Saturday, November 22, 2008

Grace Lee Boggs Answers 20 Questions for In These Times

Grace Boggs has been protesting for progressive change in America since 1941, when she became involved in the March on Washington Movement (which pushed for the desegregation of U.S. armed forces). Since then, she has participated in most of the defining social movements of the 20th century—including the labor, environmental, women’s and civil rights movements.

Boggs is the author of Revolution and Evolution in the Twentieth Century (with her husband James Boggs), Women and the Movement to Build a New America and Living for Change: An Autobiography. In 1995, friends and associates of Boggs and her husband founded The James & Grace Lee Boggs Center to Nurture Community Leadership in Detroit. The nonprofit organization honors and continues the couple’s legacy as movement activists and theoreticians by engaging in diverse community building activities including youth leadership development, urban agriculture and environmental justice.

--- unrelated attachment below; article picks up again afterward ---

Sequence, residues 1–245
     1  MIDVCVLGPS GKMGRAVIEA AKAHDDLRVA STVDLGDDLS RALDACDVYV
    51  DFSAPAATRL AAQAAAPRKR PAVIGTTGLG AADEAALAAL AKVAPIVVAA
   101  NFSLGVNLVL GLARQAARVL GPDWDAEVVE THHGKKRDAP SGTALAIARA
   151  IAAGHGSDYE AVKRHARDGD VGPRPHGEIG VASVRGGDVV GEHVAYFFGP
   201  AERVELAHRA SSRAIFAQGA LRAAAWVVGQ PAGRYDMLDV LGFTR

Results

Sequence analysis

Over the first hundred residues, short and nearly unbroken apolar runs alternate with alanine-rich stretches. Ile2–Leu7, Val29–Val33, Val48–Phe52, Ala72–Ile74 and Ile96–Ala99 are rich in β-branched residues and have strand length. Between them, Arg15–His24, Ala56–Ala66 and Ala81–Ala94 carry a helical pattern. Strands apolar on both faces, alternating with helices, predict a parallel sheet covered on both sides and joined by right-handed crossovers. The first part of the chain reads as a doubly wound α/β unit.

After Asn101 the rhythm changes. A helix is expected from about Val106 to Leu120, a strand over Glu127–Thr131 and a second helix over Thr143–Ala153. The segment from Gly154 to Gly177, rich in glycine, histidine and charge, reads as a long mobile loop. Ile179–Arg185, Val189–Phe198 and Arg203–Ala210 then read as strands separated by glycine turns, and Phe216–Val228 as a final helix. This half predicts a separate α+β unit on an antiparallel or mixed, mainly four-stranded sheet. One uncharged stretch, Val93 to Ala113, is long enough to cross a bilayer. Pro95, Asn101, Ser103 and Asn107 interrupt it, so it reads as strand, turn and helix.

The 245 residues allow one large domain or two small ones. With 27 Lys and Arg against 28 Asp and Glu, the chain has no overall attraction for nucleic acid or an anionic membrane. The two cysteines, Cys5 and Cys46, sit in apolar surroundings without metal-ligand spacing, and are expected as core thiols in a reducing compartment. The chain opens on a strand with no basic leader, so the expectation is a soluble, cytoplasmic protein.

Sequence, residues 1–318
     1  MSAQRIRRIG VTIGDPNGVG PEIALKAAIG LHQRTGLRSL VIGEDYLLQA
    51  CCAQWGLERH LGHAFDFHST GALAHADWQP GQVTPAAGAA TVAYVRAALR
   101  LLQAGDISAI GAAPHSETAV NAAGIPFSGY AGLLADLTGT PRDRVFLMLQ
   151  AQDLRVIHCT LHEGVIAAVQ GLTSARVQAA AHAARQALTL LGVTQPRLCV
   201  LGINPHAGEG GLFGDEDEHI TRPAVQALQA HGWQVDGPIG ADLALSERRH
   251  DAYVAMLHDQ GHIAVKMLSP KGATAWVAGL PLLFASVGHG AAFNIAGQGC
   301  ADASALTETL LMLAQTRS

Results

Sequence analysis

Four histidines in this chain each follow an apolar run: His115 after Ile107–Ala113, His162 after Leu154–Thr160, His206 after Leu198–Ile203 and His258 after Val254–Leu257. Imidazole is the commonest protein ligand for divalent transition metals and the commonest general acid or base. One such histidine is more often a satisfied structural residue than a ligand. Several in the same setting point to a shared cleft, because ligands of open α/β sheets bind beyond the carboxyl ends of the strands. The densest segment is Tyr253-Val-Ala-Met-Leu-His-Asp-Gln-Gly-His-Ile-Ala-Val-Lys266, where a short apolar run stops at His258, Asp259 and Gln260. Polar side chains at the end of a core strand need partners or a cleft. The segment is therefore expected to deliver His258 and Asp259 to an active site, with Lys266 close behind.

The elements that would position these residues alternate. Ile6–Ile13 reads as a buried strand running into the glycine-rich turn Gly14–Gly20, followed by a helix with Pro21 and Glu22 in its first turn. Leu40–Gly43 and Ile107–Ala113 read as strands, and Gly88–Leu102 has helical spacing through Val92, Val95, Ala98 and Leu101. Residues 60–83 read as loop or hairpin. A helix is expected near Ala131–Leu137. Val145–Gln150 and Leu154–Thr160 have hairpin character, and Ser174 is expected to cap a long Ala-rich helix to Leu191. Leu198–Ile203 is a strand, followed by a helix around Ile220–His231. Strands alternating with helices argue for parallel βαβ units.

In These Times corresponded with Boggs, now 93, and members of the Boggs Center earlier this year.

In 25 words or less, what makes you so special? (Keep in mind that humility, while admirable, is boring.)

I’ll soon be 93 and still have most of my marbles.

What’s the first thing that comes up when your name is Googled?


Shamelessly plug a colleague’s project.

On the east side of Detroit, within walking distance of the Boggs Center, 79-year-old Lillie Wimberley and her 45-year-old son, Michael, have created the Hope District, a project to engage community residents in ongoing activities that will provide affordable housing and employment for everyone. The district includes “Club Technology,” an entertainment center for meetings and parties and a training center for construction, the culinary arts and computers; community gardens where residents grow their own food; storefronts for local businesses; and a corner lot where residents are encouraged to post their dreams.